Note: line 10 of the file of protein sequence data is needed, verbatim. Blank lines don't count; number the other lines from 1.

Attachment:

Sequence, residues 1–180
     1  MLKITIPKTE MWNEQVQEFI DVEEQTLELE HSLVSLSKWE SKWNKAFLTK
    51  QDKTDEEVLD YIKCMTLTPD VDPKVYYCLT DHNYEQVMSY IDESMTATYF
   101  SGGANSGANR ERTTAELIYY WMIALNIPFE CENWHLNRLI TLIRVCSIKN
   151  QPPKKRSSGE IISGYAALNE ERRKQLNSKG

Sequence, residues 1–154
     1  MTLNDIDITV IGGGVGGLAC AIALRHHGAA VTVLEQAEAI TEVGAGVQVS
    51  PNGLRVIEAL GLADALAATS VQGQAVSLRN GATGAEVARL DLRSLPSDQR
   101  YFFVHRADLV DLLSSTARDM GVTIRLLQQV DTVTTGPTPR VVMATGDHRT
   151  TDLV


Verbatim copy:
   151  TDLV